Tillett influenced many in Dare County through her work at the Dare campus of College of The Albemarle. She held the positions of assistant dean and coordinator of the Continuing Education and Workforce Development Program, where she developed programs on welding, shipbuilding and automotive repair. She retired in 2006. In 2010, as commissioner, she attended the opening of the new Professional Arts Building for the college.
Lynne Bunch was president of College of The Albemarle during Tillett’s tenure at the community college’s Dare campus. Bunch writes: “Virginia’s love for Dare County and her relationships within the County were instrumental to the growth of College of The Albemarle’s Dare County Campus. She will always be remembered for supporting educational opportunities at all levels for the citizens of Dare.”
Jack Bagwell is the current president of College of The Albemarle and forwarded this statement: “The COA family was saddened to learn of the passing of Virginia Tillett. The excellent work the college has done through the years has been accomplished through the efforts of people like Virginia. We work to help our students transform their tomorrows. Virginia was a champion of this mission. Countless lives have been touched and transformed because of the work she did for COA. She will be missed but her legacy lives on.”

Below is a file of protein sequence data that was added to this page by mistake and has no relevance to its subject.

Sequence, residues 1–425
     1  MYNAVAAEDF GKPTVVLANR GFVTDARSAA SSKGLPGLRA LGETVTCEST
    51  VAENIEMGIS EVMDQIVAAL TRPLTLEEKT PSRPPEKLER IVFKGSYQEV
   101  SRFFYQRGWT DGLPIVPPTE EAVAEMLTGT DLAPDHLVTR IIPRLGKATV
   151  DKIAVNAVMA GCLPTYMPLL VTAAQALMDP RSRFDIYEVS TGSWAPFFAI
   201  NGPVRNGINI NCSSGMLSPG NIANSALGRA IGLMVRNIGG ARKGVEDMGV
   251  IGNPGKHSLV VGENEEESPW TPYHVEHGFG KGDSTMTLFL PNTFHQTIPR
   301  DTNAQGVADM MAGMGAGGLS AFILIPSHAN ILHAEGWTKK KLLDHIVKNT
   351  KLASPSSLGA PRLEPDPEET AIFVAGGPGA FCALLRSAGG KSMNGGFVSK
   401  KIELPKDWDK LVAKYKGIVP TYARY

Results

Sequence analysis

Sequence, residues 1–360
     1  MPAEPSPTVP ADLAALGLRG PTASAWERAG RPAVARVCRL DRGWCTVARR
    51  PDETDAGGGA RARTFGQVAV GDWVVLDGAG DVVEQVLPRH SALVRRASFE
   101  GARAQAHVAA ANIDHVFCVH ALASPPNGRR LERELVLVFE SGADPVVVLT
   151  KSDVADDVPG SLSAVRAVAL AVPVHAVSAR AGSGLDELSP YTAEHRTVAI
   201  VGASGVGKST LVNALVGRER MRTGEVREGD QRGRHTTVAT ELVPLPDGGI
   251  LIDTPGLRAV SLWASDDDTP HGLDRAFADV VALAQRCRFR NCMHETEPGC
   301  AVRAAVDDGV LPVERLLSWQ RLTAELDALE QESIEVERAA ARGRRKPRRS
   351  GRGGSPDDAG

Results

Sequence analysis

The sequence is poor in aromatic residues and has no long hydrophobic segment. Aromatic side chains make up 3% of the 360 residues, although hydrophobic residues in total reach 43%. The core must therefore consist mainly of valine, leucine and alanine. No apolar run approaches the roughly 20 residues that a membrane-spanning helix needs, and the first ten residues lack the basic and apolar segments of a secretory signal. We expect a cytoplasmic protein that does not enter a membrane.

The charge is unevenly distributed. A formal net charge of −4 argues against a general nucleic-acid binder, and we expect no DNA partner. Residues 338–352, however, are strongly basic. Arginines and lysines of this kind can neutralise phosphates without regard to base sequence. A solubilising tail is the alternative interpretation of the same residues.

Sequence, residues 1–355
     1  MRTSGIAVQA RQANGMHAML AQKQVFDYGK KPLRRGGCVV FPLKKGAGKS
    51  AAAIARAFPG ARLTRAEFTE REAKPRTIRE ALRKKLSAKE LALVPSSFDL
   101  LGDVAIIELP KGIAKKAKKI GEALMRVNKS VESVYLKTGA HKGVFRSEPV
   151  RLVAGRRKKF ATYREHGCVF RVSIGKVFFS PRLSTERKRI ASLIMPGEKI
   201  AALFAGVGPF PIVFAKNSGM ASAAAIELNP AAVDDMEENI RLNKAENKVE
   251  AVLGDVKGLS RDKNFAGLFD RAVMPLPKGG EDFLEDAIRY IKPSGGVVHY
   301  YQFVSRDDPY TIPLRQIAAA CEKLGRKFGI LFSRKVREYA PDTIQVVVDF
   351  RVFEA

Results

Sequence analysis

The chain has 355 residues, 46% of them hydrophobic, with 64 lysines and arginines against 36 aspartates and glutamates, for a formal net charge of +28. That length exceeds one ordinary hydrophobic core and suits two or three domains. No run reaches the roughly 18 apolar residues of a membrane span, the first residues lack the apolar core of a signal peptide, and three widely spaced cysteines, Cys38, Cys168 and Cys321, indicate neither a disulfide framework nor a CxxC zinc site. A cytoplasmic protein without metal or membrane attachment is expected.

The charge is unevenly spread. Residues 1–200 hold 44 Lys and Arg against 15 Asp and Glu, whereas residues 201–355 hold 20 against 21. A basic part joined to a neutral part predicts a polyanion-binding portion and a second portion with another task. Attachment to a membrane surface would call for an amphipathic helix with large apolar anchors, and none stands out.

For 20 years, she continued her love of education by serving on the Dare County Board of Education. During her tenure, she served as chairman and vice chairman, the first woman and first person of color to serve in those positions.
Leon Holleman, superintendent during a portion of Tillett’s terms on the Dare County Board of Education, provided these remembrances:
“Virginia Tillett will always hold a special place in my heart. Her accomplishments were many and varied. From Bookmobile lady on Hatteras Island to County Commissioner, she was always devoted to all of Dare County. The only thing she loved more was her family.